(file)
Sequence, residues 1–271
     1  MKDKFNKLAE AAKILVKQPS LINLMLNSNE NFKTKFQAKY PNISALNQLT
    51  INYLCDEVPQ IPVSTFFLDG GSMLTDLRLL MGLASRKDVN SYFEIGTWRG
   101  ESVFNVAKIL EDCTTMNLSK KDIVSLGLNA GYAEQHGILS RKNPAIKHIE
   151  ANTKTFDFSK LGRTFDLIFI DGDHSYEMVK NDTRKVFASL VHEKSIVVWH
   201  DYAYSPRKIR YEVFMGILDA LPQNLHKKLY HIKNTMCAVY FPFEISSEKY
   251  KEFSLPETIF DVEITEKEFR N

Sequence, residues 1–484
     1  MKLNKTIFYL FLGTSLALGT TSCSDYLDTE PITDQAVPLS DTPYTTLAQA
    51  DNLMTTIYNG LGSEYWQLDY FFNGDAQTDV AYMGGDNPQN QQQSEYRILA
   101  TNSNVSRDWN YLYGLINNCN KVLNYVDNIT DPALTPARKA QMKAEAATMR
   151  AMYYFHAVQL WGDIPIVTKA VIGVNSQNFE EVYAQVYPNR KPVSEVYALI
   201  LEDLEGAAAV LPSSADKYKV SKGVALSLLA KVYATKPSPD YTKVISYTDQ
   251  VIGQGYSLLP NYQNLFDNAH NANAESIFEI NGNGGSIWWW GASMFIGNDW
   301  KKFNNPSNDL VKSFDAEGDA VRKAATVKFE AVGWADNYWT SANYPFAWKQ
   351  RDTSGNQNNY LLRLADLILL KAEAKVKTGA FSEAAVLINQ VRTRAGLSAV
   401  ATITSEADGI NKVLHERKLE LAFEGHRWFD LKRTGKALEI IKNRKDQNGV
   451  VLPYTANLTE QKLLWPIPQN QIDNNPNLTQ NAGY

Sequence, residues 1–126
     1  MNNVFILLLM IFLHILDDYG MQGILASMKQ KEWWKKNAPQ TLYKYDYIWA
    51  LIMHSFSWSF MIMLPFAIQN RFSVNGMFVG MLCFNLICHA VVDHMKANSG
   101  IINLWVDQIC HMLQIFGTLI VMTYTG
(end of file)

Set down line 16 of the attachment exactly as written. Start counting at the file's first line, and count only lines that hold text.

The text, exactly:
   351  RDTSGNQNNY LLRLADLILL KAEAKVKTGA FSEAAVLINQ VRTRAGLSAV